This year, the Prairie Creek staff is experimenting with a peer coaching model called "Teaching Rounds" The group I am a part of is looking at developing rich inquiry based math classrooms. Specifically, I am examining math conversations (which touches on one of our non-academic goals, conversation skills).

Amy Narveson came in to observe a lesson a few weeks ago in which Herons were designing their own calendars (we had been reading a bit about the decimal based calendar of the French revolutionaries.) I gave the students a set of sentence starters from an article in "Teaching Children Mathematics" to help them guide their discussions with each other as they shared their ideas. As always seems to happen when one is being observed, the wheels came off the lesson right away. The students were doing a great job designing a new calendar but they found the supplied sentence starters very limiting for the task I had given them. (And I realized that I hadn't created a test which *forced* deeper conversation.)

After watching them share their ideas but *not* by using the supplied sentence starters I had been asking Amy to observe and record, I gathered the Herons together to ask which sentence starters would be better. They expanded our list of five three fold. They also categorized the list by what they wanted to do.

Since then, we've been modifying and adding to the list and I've begun to use it in my foundation and exploration math lessons.

Today, during a number talk in foundation math, I asked the children to solve 3.6/.6 mentally. (See this post for an explanation of number talks.) The group had been working on dividing with decimals and had developed several approaches. I had also been using what I learned from the previous math conversation lessons to encourage talk *between* students, not just with me.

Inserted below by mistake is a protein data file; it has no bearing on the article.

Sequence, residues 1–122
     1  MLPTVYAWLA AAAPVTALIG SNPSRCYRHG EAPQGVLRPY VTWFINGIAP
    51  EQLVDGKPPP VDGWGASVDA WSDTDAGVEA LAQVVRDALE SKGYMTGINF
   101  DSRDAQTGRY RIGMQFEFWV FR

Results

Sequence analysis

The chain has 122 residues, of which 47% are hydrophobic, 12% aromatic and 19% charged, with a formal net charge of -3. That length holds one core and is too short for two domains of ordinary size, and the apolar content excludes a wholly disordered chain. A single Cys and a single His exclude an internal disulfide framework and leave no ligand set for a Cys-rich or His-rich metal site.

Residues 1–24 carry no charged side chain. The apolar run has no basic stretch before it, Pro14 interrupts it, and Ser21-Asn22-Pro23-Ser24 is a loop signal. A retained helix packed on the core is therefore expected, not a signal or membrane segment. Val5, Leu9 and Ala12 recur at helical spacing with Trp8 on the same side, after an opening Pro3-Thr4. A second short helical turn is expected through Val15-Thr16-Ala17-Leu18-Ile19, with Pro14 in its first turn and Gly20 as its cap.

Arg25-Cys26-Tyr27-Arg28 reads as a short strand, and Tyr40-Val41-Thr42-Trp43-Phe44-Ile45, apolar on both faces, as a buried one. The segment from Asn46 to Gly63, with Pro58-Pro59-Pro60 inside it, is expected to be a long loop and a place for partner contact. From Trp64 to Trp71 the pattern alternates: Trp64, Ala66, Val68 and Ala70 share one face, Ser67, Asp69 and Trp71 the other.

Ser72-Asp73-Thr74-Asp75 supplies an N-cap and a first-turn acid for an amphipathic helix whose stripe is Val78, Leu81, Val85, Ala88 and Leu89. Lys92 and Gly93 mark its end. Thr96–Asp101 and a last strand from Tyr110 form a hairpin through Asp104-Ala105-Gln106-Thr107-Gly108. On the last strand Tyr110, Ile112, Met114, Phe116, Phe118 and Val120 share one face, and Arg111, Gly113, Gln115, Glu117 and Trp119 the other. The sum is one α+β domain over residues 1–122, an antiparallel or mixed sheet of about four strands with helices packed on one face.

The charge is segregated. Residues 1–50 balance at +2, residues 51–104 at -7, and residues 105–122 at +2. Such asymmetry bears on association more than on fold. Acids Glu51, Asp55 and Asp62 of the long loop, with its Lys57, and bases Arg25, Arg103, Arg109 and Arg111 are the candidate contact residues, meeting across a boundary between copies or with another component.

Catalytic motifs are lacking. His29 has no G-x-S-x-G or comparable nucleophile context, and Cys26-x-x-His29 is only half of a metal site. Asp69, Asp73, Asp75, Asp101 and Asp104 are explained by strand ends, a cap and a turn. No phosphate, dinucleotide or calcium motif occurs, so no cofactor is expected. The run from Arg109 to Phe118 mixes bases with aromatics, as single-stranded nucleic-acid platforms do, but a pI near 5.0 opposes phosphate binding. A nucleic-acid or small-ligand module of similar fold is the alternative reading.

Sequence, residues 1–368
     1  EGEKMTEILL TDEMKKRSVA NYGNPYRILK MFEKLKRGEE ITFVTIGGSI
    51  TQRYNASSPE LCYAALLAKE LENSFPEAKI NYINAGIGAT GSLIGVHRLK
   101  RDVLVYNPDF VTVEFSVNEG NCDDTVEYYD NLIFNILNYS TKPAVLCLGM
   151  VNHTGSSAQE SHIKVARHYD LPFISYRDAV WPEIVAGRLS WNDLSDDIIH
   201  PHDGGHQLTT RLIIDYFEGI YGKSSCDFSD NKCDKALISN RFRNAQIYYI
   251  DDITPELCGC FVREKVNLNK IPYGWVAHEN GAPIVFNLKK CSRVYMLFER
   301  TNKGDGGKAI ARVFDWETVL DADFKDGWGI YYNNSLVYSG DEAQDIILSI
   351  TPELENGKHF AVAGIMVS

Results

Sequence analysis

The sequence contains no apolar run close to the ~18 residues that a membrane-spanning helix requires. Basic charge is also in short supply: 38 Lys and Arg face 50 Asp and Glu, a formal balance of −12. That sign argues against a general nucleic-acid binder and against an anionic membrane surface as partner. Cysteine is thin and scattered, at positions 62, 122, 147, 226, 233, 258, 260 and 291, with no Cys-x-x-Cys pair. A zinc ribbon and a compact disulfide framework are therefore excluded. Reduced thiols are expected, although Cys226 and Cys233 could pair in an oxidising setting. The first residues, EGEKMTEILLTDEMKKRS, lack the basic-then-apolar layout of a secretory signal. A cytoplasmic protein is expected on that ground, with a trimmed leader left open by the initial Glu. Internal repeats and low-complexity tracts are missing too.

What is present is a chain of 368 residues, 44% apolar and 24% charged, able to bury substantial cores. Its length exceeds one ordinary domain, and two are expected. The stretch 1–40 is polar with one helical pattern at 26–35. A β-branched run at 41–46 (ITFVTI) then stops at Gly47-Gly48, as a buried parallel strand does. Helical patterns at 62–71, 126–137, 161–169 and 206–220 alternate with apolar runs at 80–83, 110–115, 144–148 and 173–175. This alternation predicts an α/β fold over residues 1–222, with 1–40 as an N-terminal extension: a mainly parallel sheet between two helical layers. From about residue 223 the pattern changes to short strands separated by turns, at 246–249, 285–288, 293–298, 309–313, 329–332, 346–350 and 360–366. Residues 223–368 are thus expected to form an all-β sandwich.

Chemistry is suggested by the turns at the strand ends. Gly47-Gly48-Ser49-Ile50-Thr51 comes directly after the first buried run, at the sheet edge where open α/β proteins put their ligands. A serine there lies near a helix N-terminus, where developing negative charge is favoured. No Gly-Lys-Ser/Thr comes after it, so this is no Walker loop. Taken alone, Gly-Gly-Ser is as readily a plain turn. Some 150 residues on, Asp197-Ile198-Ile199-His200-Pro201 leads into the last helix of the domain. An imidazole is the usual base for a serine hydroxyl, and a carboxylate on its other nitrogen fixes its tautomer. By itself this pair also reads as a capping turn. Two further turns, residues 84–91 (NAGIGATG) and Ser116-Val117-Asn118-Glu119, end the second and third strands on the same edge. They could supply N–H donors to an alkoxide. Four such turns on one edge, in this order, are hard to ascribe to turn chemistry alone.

After getting "the right answer" one child was really questioning *why* the technique he had used worked (shifting the problem to 36/6.) "I know I don't shift the place value back in the answer but I don't understand *why." *The other students worked to try to explain what was going on with the numbers. One said, "Does this make sense? Division is the same as a fraction...so this is just an equivalent fraction." Several other children gasped and signaled an "O" with their hands which means "Oh! I just realized something." They then continued to talk to the student with initial question as well as among themselves, "I have something to add to _____________." "I think about it a lot like ___________ except that I rounded the numbers to estimate first. Then I could trust the answer."

It is hard to over estimate the importance of talk in the math classroom. If that child had simply accepted the "short cut" in decimal division and not felt empowered to insist on understanding, he would have had a wobbly block in his foundation - something that didn't make sense to him but that he could memorize. Instead, as we worked through the idea together, asking questions and sharing ideas and methods, the entire group deepened their comprehension. The strategy wasn't something they were copying from the teacher but rather something they were developing together - it was something that made sense. And the making of sense happened in the conversational space of the classroom.

I'm still working on my skill as a conversational facilitator, but it has been exciting to see the students turn more readily to each other, eager to question and share.

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